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The Godfather Doctrine is an article on foreign policy, reworked into a very short book. It was written by John Hulsmas and A. Wess Mitchell, both foreign policy experts of the Council of Foreign Relations school, although only Hulsman is a member of that august body. The work is an extended analogy based on the book The Godfather, comparing the reactions of the Corleone Family to the attempted killing of Don Corleone to the reactions of different foreign policy schools to the events of 9/11 and such ongoing problems as Iran's nuclear program.

The article and book is short, and makes its point rather easily. The old fashioned lawyer, Tom Hagen, who wishes to reinforce the institutional alliance between New York's five crime families resembles the liberal institutionalists who wish to depend on the United Nations and multilateralism. Sonny Corleone, the impulsive son who wishes to revenge the hit through firepower, resembles neoconservatives. And Michael Corleone, the pragmatic son, resembles realist foreign policy. It is actually a quite handy and catchy analogy, although as with any analogy, it should not be carried too far (something that the authors admit.)

It is an easy analogy because in any human conflict, there is always a spectrum of reactions, from appeasement to aggression, and the authors happened to pick a well-known example from popular culture. (And perhaps showing a bit of their intellectual depth by referencing Francis Ford Coppola's film, and not the novel it was based on.) To me the shallowness of the work is not because it seems to leave the issue of morality to a bit in the afterwords, and skipping the question whether the United States has bigger obligations than a criminal organization does. To me, the shallowness of the book comes from while it addresses how organizations fight, it doesn't address why they fight. That there are different methods of getting your way is obvious, but the motivations of why different state actors , non-state actors, and groups within states should come into conflict is not addressed. My own feeling is that addressing those issues would be more meaningful, but the issues of global economic inequality, and people's embracing of violent and irrational leaders to overcome it, would be a much more fitting topic. It could even be tied into "The Godfather" if the authors wish---because the book does treat with how Don Corleone entered the criminal world after being somewhat lost in a new world that seemed unfair and hostile to him.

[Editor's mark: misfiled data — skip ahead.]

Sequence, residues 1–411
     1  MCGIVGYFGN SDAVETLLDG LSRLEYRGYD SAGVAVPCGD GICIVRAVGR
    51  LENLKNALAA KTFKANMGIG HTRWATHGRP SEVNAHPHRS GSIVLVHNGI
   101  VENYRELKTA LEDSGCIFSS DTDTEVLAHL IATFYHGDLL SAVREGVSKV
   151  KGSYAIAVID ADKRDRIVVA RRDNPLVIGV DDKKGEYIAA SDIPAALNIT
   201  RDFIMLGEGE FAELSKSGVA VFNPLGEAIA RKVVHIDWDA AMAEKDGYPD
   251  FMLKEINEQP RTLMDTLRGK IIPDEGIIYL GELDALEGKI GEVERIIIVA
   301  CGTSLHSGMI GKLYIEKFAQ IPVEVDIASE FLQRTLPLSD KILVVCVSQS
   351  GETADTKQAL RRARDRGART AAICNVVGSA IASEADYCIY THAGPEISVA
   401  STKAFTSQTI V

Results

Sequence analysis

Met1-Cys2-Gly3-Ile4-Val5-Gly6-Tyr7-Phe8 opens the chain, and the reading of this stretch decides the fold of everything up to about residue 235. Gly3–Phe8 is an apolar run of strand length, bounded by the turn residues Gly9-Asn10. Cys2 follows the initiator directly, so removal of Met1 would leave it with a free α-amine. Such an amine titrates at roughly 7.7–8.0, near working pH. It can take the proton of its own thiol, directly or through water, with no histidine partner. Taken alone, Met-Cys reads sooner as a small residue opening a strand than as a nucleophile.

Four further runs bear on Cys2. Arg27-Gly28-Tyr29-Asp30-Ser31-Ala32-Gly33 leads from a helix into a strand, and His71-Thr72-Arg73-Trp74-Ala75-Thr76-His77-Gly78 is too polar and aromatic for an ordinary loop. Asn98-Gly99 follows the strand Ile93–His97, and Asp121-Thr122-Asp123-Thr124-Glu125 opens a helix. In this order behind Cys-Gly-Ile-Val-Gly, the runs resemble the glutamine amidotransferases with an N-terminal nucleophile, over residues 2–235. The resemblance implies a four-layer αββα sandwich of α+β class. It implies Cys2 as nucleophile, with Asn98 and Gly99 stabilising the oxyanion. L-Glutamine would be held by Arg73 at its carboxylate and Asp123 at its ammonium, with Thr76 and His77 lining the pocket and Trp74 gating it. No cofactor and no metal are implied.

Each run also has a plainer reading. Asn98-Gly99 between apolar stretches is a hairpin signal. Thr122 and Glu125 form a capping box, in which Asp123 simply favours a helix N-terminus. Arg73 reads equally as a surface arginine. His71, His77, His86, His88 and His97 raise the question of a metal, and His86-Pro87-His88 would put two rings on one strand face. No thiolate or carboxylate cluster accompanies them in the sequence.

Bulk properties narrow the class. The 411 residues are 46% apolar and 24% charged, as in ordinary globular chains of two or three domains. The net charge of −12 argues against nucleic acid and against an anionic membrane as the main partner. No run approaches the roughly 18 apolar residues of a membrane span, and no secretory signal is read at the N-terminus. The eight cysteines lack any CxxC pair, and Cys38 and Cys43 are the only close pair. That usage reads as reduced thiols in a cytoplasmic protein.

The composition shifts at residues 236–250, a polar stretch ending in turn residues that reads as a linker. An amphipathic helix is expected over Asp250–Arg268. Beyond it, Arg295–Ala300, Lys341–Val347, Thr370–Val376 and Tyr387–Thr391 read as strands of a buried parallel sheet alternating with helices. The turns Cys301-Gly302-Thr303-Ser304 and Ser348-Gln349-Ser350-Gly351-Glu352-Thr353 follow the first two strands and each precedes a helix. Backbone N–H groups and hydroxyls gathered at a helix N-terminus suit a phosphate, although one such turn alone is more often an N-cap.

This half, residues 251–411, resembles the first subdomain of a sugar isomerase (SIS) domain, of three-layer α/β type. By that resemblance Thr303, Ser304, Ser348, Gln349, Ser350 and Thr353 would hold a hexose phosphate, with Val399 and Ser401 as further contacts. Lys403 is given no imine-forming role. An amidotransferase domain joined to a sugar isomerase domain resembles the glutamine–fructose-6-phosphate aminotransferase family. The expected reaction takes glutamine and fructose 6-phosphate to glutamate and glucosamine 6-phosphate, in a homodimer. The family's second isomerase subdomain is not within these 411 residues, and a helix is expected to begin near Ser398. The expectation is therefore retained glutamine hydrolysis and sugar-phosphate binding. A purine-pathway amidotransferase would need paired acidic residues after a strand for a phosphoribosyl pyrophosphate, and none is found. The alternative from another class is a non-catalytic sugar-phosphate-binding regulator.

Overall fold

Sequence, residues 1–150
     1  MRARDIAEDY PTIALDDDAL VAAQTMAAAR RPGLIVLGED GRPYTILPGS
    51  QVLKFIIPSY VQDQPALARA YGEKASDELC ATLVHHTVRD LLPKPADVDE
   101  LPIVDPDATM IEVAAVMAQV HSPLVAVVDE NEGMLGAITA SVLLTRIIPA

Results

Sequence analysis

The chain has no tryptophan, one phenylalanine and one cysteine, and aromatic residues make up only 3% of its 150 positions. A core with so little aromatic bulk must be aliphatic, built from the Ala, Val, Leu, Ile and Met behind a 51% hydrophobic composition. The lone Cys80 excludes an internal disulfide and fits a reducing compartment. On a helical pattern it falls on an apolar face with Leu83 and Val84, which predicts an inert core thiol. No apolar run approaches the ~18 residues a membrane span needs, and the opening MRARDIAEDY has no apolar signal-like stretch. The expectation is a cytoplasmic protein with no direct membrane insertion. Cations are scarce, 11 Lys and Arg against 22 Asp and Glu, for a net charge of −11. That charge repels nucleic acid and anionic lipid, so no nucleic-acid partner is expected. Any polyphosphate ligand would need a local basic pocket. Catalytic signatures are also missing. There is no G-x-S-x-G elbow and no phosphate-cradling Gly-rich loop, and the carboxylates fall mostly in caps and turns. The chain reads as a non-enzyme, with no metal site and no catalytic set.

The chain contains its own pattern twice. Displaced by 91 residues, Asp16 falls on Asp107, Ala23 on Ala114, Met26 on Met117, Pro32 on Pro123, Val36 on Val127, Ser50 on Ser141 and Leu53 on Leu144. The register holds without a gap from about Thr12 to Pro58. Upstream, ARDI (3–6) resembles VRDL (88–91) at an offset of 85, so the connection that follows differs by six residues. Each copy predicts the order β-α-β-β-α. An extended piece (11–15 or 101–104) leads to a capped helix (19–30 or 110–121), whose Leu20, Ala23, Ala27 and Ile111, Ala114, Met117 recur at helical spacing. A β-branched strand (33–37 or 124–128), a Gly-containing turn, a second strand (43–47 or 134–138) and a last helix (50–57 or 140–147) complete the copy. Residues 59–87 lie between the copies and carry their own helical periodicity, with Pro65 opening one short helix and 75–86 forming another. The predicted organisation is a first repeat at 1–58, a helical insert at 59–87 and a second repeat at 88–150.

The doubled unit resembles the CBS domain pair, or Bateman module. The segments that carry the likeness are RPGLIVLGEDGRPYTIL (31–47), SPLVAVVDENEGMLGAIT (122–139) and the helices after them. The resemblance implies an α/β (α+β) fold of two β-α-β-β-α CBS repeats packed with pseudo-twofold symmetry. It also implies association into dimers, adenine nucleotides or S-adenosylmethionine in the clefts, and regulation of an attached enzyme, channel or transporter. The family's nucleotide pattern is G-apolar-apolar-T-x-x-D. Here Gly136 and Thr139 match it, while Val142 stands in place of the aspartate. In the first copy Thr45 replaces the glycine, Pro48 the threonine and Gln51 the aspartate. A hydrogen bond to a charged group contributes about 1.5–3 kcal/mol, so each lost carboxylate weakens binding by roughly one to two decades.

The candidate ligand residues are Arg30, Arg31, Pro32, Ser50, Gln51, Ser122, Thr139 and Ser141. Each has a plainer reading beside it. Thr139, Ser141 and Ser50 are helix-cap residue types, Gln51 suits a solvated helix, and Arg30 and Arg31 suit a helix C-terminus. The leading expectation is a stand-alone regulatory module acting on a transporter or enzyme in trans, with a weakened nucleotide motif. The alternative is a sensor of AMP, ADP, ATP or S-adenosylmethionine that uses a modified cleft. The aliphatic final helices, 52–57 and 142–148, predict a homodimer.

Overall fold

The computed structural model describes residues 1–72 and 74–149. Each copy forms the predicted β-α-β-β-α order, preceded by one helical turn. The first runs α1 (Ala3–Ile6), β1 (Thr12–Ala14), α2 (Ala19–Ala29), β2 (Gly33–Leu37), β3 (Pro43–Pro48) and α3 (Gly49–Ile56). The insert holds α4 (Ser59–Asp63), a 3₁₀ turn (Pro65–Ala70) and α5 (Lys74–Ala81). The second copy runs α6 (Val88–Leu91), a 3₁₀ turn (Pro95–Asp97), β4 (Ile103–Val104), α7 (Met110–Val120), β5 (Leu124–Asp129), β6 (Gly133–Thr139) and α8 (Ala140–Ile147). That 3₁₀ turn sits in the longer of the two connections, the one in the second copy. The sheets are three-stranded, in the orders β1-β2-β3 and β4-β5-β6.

This work is the type of clever, catchy punditry that seems to explain a little bit, but will probably seem outdated once the news cycle resets to different conflicts.

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